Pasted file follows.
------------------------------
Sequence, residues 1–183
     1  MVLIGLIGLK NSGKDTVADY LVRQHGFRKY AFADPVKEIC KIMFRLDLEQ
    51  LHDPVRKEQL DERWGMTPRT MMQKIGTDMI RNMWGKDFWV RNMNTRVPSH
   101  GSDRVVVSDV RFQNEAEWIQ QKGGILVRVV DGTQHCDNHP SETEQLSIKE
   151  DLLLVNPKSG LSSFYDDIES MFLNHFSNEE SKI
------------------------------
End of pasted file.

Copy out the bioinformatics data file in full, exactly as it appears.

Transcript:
Sequence, residues 1–183
     1  MVLIGLIGLK NSGKDTVADY LVRQHGFRKY AFADPVKEIC KIMFRLDLEQ
    51  LHDPVRKEQL DERWGMTPRT MMQKIGTDMI RNMWGKDFWV RNMNTRVPSH
   101  GSDRVVVSDV RFQNEAEWIQ QKGGILVRVV DGTQHCDNHP SETEQLSIKE
   151  DLLLVNPKSG LSSFYDDIES MFLNHFSNEE SKI